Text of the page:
Transport

The goods are to be received from an unusual source or supply route, for example, UK produced goods are sourced from another country and directly compete with those from a more direct supply route.

Existence or Provenance of goods

  • the goods are claimed to be duty paid but your supplier (or person on whose behalf you’re storing the goods) can’t provide reasonable evidence of duty payment to support the status of the goods. (For further detail about what constitutes evidence of duty payment please refer to Notice 207)
  • individuals in the company have little knowledge of your trade sector
  • where samples are provided or the goods have been received:
    • for spirits there is no duty stamp in circumstances where there should be one or the duty stamp doesn’t fluoresce (refer to guidance)
    • the goods appear counterfeit, in that, the quality of labels and or packaging is poor when compared to the genuine article
    • the supporting paperwork seems false
    • the goods are older than supporting evidence (such as documents demonstrating duty payment) suggest, for example, the best before dates indicate an earlier production date whereas documentation gives the impression you were buying newer stock
  • the company has only been trading for a very short period of time but has managed to achieve a large income in that short period of time

The Deal

  • customer demand for specific brands in other countries exceeds expected levels of consumption there
  • the goods are to be moved in an unusual supply route that in itself would add significant logistic costs and bring into question the economics of that trade (unless duty was to be evaded)
  • supplies are offered via unsolicited emails or flyers received out of the blue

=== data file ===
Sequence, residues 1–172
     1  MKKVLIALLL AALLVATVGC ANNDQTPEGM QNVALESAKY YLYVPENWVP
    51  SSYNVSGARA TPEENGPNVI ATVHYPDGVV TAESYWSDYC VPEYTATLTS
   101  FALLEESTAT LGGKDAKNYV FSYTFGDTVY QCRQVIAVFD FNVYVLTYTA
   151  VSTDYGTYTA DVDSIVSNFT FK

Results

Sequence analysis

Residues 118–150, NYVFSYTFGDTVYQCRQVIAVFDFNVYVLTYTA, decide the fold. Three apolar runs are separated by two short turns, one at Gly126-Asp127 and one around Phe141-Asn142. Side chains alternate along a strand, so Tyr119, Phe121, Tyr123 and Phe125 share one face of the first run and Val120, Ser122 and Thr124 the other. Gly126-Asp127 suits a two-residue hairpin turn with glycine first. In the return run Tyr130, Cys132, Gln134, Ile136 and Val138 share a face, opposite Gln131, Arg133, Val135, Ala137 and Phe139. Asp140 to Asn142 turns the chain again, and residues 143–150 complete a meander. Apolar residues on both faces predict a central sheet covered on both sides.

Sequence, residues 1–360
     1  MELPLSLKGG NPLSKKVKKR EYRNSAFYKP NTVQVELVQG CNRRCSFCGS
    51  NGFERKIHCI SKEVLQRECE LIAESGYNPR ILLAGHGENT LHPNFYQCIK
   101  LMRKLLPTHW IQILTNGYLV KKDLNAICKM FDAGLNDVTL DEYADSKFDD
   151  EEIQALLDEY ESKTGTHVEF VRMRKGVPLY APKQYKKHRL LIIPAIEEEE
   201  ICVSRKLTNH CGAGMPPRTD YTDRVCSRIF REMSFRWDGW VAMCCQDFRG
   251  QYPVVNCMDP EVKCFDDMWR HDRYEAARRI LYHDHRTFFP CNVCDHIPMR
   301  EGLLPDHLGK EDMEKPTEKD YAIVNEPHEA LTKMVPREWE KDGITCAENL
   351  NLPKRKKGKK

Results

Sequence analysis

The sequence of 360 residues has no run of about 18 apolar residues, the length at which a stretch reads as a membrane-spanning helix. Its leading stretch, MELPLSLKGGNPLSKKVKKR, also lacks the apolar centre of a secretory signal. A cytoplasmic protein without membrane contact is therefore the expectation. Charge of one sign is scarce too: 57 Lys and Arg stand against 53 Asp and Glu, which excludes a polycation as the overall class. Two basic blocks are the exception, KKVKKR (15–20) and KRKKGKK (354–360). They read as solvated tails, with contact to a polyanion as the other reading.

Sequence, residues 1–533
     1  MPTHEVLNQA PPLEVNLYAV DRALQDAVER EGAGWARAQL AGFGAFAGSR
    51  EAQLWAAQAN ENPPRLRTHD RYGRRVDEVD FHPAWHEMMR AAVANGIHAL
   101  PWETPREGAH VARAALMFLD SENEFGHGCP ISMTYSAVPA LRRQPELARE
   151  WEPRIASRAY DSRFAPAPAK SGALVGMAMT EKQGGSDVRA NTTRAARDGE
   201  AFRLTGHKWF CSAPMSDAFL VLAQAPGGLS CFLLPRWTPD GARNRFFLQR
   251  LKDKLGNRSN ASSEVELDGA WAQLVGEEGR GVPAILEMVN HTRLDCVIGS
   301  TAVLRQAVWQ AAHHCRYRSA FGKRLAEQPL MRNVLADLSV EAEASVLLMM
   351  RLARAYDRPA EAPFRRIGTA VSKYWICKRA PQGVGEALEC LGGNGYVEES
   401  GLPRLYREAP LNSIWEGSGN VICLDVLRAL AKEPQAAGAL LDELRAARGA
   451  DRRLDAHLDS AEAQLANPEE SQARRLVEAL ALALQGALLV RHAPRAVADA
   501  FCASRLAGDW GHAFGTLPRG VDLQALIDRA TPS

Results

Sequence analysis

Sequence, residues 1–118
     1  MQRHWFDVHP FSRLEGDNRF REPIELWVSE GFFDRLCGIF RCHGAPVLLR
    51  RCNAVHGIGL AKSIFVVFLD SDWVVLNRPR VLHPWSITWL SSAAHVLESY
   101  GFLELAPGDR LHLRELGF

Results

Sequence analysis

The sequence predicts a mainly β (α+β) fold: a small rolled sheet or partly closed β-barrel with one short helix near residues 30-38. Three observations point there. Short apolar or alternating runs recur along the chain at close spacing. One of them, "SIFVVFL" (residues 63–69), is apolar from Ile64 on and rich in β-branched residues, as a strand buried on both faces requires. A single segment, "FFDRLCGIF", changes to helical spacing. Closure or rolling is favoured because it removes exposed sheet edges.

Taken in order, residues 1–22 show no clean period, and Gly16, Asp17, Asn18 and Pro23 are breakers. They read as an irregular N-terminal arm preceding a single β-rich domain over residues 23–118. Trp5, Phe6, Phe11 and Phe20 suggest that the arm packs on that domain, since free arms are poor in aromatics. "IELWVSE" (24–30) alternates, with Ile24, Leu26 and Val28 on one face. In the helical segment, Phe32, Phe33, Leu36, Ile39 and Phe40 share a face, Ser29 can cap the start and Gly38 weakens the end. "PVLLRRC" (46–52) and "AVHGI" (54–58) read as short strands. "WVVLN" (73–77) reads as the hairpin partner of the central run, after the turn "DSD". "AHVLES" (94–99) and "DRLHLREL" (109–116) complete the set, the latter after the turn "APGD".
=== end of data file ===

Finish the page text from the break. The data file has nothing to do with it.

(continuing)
• goods are offered at incredibly low prices which seem too good to be true
  • free gifts of similar or other excise goods not fully documented and in themselves would place a question over the deal as a whole
  • There are other incentives such as contingency discounts which overall make the deal sound too good to be true

34.10 Examples of due diligence checks

Financial health

  • obtain, undertake credit checks or other background checks on the business you intend trading with
  • where a poor credit rating is identified, establish how the transactions will be funded, what security can be offered that you will be paid?
  • where credit is offered by the business, who is providing the credit facility?
  • what payment terms are offered and are they commercially viable?

Identity

  • check company details provided to you against other sources, for example, website, letterheads, telephone directories etc.
  • ask whether your customer or supplier is a member of a relevant trade association
  • obtain copies of certificates of incorporation, VAT registration certificates and excise registration certificates where appropriate and where a trade class is quoted on these check whether or not it relates to the type of trade you’re engaging in
  • verify VAT and excise registration details with HMRC (we recommend that these checks are undertaken regularly for new trading arrangements and proportionately longer for trusted ones, unless you suspect a problem)
  • if you’re a warehousekeeper receiving duty suspended goods into your warehouse then you should be satisfied that the owner of the goods is registered under Warehouse-keepers and Owners of Warehoused Goods (WOWGR) where required
  • obtain signed letters of introduction on headed letter paper and references from other customers or suppliers
  • insist on personal contact with a senior official of the prospective supplier and where necessary, make an initial visit to their premises - you should use this opportunity to confirm the identity of the person you intend doing business with and keep a record of your meeting
  • establish what your customer’s or supplier’s history in the trade is. Can this be evidenced?
  • obtain the prospective customer’s or supplier’s bank details. In the case of an import or export, does the supplier or recipient share the same country of residence as their bank?
  • establish who you’ll be paying. Is this the same company as the one you’re directly dealing with?
  • if you’re providing a service who will be paying for it?

Terms of any contracts, payments and credit agreements

  • carefully consider the terms of any contracts and credit agreements before entering into these and challenge elements which appear unusual
  • what recourse is there if the goods aren’t as described?
  • if payment is to be made to or from a third party, is there a sound commercial reason for this?
  • if payment is to be made to or from a third party, is it to or from an off shore account?
  • are there normal commercial arrangements in place for the financing of the goods?
  • where payment is made from an overseas business how is it to be made?